A Facebook Game with Real-World Results
Activists are spending more time advocating for good causes on social-networking sites, but are we actually accomplishing anything in the real world? Some cultural critics, including New Yorker columnist Malcolm Gladwell, argue that the "weak ties" that characterize online relationships aren't powerful enough to create concrete change. You may excel at FarmVille, but that doesn't necessarily mean you've got a healthy crop of veggies growing in your own backyard. But what if the rules of an online game required real-world action to win?
That's the idea behind eMission, a new Facebook game created by DoSomething.org in conjunction with the EPA's Energy Star program. Players advance in the online arena by taking energy-saving strides in their offline lives. These actions, such as planting a tree or powering down an appliance, must be verified by a friend or confirmed with photographic evidence. What's more, eMission participants have the chance to win one of five $2,000 scholarships.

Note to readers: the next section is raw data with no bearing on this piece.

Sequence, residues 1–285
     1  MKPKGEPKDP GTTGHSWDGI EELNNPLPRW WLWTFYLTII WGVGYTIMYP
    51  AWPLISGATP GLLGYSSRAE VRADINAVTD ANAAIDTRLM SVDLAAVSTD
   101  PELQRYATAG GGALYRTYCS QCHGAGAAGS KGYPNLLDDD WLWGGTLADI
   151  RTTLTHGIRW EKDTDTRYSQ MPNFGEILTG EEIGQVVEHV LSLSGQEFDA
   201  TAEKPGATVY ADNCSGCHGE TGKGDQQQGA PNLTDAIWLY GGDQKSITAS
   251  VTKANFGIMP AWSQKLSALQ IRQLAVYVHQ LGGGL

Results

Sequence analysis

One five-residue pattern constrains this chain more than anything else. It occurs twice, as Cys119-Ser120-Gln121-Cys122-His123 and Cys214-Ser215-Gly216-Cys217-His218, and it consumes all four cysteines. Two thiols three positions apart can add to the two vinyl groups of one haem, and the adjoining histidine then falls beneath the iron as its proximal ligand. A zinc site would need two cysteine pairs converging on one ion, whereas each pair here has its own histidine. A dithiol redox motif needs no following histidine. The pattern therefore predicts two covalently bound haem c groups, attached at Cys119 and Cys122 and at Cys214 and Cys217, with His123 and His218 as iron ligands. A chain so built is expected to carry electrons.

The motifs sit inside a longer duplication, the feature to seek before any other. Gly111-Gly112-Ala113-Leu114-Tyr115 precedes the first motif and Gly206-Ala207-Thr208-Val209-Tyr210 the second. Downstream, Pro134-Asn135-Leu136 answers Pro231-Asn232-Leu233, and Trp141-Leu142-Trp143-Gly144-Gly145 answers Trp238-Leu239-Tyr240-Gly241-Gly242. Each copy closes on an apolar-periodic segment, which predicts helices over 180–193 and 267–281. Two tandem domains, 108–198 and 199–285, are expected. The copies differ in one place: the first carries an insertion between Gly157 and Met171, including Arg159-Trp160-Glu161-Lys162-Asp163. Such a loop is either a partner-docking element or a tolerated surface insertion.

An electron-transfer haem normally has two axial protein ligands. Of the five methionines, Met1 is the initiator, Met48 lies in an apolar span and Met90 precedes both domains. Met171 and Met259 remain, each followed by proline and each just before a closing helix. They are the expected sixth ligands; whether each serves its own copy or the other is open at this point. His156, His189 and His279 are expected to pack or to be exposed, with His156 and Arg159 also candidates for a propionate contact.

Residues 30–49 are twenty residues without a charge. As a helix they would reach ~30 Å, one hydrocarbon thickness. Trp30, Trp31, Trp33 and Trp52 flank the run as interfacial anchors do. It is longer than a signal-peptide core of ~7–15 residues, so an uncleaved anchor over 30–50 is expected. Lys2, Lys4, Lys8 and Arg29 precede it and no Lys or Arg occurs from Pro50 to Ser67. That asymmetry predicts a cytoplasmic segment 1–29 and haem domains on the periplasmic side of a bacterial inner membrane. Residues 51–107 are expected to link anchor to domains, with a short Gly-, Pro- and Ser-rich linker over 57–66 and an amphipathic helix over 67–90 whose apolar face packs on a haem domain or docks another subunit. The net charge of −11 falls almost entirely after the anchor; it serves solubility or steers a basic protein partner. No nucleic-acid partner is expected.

While it could be argued that time spent logging good deeds online is time that could be better spent doing more good deeds, DoSomething.org's spokesperson, Sophia Bush, says eMission is actually transforming what would otherwise be idle time: "Teens are already on Facebook playing games, so why not play one that's going to change your life for the better?"